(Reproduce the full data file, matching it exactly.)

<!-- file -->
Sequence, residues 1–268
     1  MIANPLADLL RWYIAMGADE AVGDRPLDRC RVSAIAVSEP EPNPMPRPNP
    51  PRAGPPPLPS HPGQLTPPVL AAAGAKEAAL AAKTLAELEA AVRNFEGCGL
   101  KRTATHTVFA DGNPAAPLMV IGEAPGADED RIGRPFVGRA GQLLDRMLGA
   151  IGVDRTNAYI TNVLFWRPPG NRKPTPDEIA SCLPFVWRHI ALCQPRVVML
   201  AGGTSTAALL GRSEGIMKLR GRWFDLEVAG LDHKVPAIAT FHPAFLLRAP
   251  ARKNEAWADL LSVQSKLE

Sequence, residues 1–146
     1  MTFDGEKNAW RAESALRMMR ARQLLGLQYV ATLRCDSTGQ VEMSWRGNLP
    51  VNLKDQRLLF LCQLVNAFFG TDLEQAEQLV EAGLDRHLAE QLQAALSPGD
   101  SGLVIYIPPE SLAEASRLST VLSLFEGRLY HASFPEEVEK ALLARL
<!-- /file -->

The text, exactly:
Sequence, residues 1–268
     1  MIANPLADLL RWYIAMGADE AVGDRPLDRC RVSAIAVSEP EPNPMPRPNP
    51  PRAGPPPLPS HPGQLTPPVL AAAGAKEAAL AAKTLAELEA AVRNFEGCGL
   101  KRTATHTVFA DGNPAAPLMV IGEAPGADED RIGRPFVGRA GQLLDRMLGA
   151  IGVDRTNAYI TNVLFWRPPG NRKPTPDEIA SCLPFVWRHI ALCQPRVVML
   201  AGGTSTAALL GRSEGIMKLR GRWFDLEVAG LDHKVPAIAT FHPAFLLRAP
   251  ARKNEAWADL LSVQSKLE

Sequence, residues 1–146
     1  MTFDGEKNAW RAESALRMMR ARQLLGLQYV ATLRCDSTGQ VEMSWRGNLP
    51  VNLKDQRLLF LCQLVNAFFG TDLEQAEQLV EAGLDRHLAE QLQAALSPGD
   101  SGLVIYIPPE SLAEASRLST VLSLFEGRLY HASFPEEVEK ALLARL